Universal Testing In Obstetrics Reveals A High Asymptomatic Carrier Rate For SARS-CoV-2

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Salient Points

The following article focuses on the increased risk of transmission of COVID-19 in pregnant females due to their increased interaction with the health care system.

It describes the need for universal testing among pregnant women, who are at risk of infectious diseases to ensure early diagnosis and containment of COVID-19 cases.                                    In the study conducted, among the 215 women who delivered, 1.9% had COVID-19 like symptoms at the time of admission to the delivery ward. All 4 women tested positive for COVID-19. In addition, almost all (99.5%) of the women with no signs or symptoms of the virus were tested with nasopharyngeal swabs; 29 of them tested positive for SARS-CoV-2.

The use of universal SARS-CoV-2 testing in all pregnant patients presenting for delivery revealed that at this point in the pandemic in New York City, most of the patients who were positive for SARS-CoV-2 at delivery were asymptomatic, and more than one of eight asymptomatic patients who were admitted to the labor and delivery unit were positive for SARS-CoV-2.

The potential benefits of a universal testing approach include the ability to use Covid-19 status to better isolation practices and bed assignments, inform neonatal care, and guide

the use of PPE. Access to such clinical data provides an important opportunity to protect mothers, babies, and healthcare teams during these challenging times.

Detailed Summary

During this pandemic, these patients (Pregnant women) have multiple interactions with the health care system and eventually most are admitted to the hospital for delivery. The first case was diagnosed on March 13, 2020, these were two initially asymptomatic women in whom symptoms developed and who tested positive for SARS-CoV-2, after delivery. After these two cases were identified, universal testing was implemented with nasopharyngeal swabs and a quantitative PCR test to detect SARS-CoV-2 infection in women who were admitted for delivery.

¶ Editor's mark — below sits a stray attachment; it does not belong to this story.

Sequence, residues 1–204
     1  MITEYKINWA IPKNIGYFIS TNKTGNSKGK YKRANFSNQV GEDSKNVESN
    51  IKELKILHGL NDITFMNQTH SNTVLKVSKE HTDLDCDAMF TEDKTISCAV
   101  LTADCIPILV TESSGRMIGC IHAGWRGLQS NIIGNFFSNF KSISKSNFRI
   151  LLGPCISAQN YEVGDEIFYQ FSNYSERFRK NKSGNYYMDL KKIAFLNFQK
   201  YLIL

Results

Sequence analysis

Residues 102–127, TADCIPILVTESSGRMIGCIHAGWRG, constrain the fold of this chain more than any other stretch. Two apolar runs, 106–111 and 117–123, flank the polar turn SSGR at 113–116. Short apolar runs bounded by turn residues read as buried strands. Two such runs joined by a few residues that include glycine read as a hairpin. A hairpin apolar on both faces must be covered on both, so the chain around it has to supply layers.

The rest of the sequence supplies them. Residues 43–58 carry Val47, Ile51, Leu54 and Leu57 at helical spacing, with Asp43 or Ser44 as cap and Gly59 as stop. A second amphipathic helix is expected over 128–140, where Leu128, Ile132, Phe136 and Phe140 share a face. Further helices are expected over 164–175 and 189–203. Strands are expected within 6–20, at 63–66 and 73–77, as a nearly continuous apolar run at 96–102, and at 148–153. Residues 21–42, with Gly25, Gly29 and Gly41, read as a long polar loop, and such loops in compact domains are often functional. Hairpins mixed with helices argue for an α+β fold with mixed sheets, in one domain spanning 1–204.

Between March 22 and April 4, 2020, a total of 215 pregnant women delivered infants at the

New York–Presbyterian Allen Hospital and Columbia University Irving Medical Center. All the

women were screened on admission for symptoms of Covid-19.

Four women (1.9%) had fever or other symptoms of Covid-19 on admission, and

all 4 women tested positive for SARS-CoV-2. Of the 211 women without symptoms,

all were afebrile on admission.

Nasopharyngeal swabs were obtained from 210 of the 211 women (99.5%) who did not have symptoms of Covid-19, of these women, 29 (13.7%) were positive for

SARS-CoV-2. Thus, 29 of the 33 patients who were positive for SARS-CoV-2 at admission (87.9%) had no symptoms of Covid-19 at presentation.

Of the 29 women who had been asymptomatic but who were positive for SARS-CoV-2 on admission, fever developed in 3 (10%) before postpartum discharge.

Two of these patients received antibiotics for presumed endomyometritis, and 1 patient was presumed to be febrile due to Covid-19 and received supportive care. One patient with a swab that was negative for SARS-CoV-2 on admission became symptomatic postpartum; repeat SARS-CoV-2 testing 3 days after the initial test was later positive.

The use of universal SARS-CoV-2 testing in all pregnant patients presenting for delivery revealed that at this point in the pandemic in New York City, most of the patients who were positive for SARS-CoV-2 at delivery were asymptomatic, and more than one of eight asymptomatic patients who were admitted to the labor and delivery unit were positive for SARS-CoV-2.

Although this prevalence has limited generalizability to geographic regions with lower rates of infection, it underscores the risk of COVID-19 among asymptomatic obstetrical patients.

The true prevalence of infection may be underreported because of false negative results of tests to detect SARS-CoV-2.

The potential benefits of a universal testing approach include the ability to use Covid-19 status to determine hospital isolation practices and bed assignments, inform neonatal care, and guide

the use of PPE. Access to such clinical data provides an important opportunity to protect mothers, babies, and healthcare teams during these challenging times.

 

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